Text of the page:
By Margie Wylie, Nick Wingfield, and Jai Singh
Staff Writers, CNET NEWS.COM
If you're looking for someone to blame the Web on, Marc Andreessen is your guy.
Wondering why software releases are now weeks rather than months apart? It's a phenomenon called Web Weeks and, yes, it's the chubby, baby-faced 24-year-old multimillionaire's fault. Add it to a long list of ways in which the Web has changed our lives, from Web addresses on billboards to talk of online
addiction. Andreessen will tell you he was just in the right place at the right time when as a college student in Illinois he wrote Mosaic, one of the first graphical Web browsers. Talking to him, you get the feeling that he tripped and accidentally founded Netscape with Silicon Graphics veteran Jim Clark. Don't believe it.
Andreessen has, if only temporarily, conquered the Web. About 85 percent of all browsers in use are made by Netscape. That's gotten the attention of Microsoft, which now plans to build Web browsing into Windows, a move that could destroy Netscape in the consumer market. Andreessen's response? Go after the business market. Andreessen has been exhorting businesses to throw away Lotus Notes and other "closed" business information systems and move to the "open" Web. The intranet is born and the idea of "extranets" are incubating in Andreessen's mind. We'll see just how lucky he is.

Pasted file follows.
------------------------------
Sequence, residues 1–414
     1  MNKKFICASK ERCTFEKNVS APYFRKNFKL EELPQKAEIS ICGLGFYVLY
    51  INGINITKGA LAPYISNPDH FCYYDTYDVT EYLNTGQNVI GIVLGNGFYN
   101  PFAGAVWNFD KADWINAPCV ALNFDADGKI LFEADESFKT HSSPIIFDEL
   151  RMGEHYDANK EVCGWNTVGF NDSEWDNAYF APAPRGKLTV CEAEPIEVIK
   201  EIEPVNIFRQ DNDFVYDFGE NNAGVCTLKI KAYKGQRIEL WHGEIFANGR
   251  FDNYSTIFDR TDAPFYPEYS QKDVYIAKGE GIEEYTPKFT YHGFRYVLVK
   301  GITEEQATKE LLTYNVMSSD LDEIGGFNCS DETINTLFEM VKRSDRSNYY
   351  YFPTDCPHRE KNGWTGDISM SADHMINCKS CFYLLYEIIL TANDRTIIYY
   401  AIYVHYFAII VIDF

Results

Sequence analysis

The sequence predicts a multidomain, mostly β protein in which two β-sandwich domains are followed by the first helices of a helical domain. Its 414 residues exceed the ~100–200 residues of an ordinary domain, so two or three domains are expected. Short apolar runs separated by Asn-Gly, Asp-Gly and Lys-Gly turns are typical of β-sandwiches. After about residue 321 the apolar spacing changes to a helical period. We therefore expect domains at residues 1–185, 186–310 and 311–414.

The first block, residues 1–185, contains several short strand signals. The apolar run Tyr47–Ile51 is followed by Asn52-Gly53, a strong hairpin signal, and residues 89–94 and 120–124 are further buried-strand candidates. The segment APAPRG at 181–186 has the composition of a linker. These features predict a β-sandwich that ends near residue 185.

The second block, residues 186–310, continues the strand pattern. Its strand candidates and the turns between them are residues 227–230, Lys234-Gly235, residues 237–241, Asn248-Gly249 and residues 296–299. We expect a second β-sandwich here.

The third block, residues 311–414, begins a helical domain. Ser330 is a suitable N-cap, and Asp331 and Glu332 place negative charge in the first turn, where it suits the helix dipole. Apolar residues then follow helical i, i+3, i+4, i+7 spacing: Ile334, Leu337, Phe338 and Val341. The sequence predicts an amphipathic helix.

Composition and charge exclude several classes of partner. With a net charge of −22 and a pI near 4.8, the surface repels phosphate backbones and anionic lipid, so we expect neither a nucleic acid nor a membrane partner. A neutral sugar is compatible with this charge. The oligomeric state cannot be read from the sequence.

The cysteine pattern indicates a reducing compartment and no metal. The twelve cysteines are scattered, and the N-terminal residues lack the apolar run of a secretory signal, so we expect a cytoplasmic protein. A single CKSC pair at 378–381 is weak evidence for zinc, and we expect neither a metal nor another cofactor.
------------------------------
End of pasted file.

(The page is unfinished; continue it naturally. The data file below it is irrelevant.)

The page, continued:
NEWS.COM: Are you at all surprised by the kinds of business and cultural changes you have set off through development of Mosaic?
Andreessen: I laugh every time I open the morning newspaper and half the articles are about the Internet or something on the Internet. The San Francisco Examiner recently ran a big article on Stale, this parody of Slate. Here's an article in a newspaper about a Web site. It's like just a totally normal thing these days.
I've been waiting for three years now for the level of interest to crest and it hasn't. I get the feeling increasingly that we're at the very beginning of a very long-term ramp up. This is just the start. And so I think the changes over the next five or ten years are really going to be profound, and we're only starting to see some of them.